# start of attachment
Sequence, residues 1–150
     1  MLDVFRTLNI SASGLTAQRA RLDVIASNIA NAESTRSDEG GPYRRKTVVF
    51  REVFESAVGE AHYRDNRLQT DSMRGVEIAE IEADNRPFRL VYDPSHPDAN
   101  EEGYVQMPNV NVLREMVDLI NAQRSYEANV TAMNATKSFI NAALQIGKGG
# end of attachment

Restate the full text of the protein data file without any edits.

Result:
Sequence, residues 1–150
     1  MLDVFRTLNI SASGLTAQRA RLDVIASNIA NAESTRSDEG GPYRRKTVVF
    51  REVFESAVGE AHYRDNRLQT DSMRGVEIAE IEADNRPFRL VYDPSHPDAN
   101  EEGYVQMPNV NVLREMVDLI NAQRSYEANV TAMNATKSFI NAALQIGKGG